In the spirit of Mother’s Day (May 11 here in the US), perhaps we should pay more attention to the life and sexuality experiences of mothers.
As scientists, we know a little but not a great deal about women’s sexual function and sexual experiences after giving birth. As many of you know, birth is rarely an easy process and a good number of women experience complications such as vaginal or anal tears.
I just learned of a study that looked at women’s sexual function at 6 months postpartum (in other words, 6 months after giving birth). They found that women who had had anal sphincter lacerations were less likely to have had sex at the six month mark, though still most (88%) had done so. Added to that, about 1/3 of women reporting experiencing pain during sex, at least sometimes. I would like to see more research on this topic, including research that looks at more than a function score, pain score or whether or not women are having sex – I’d like to see more related to ease of arousal, desire, interest, ease of orgasm, and also women’s and men’s emotional responses to sexual intimacy after having had children.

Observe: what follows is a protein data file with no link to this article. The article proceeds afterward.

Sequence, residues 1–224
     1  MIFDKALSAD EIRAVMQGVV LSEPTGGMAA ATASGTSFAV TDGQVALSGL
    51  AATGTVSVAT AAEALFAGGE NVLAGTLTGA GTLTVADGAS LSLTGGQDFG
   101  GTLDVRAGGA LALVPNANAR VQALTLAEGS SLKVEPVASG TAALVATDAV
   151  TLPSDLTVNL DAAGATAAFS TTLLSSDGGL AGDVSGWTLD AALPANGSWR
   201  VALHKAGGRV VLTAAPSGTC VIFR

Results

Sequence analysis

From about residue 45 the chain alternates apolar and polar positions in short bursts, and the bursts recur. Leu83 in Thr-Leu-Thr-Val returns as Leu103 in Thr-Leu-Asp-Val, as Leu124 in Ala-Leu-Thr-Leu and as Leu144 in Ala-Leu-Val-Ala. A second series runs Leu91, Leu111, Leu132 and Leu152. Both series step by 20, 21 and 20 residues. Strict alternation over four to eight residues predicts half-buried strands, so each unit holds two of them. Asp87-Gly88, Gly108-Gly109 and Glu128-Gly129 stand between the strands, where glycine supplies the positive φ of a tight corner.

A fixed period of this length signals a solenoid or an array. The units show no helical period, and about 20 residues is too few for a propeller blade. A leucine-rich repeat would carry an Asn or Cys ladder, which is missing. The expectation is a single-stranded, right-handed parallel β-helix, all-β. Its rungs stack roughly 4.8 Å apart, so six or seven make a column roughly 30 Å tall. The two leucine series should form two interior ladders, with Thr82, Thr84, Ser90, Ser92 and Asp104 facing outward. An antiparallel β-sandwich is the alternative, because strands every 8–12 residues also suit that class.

If you are a woman who is experiencing pain or discomfort, and things like using a personal lubrication or using certain positions over others, isn’t easing your pain, please check in with your healthcare provider. If you are a man or woman whose female partner is experiencing pain, please try to approach sex gently and be aware and commuicative with your partner about her pain or discomfort. Spending more time in foreplay may help to relieve some cases of discomfort, but other cases may be more complicated and may warrant medical attention. Please take care of each other – relationships are both special and fragile, and they need attention and care. Rather than avoid talking about sex with each other, try to communicate with each other and really hear what the other one is saying when it comes to sex and your relationship.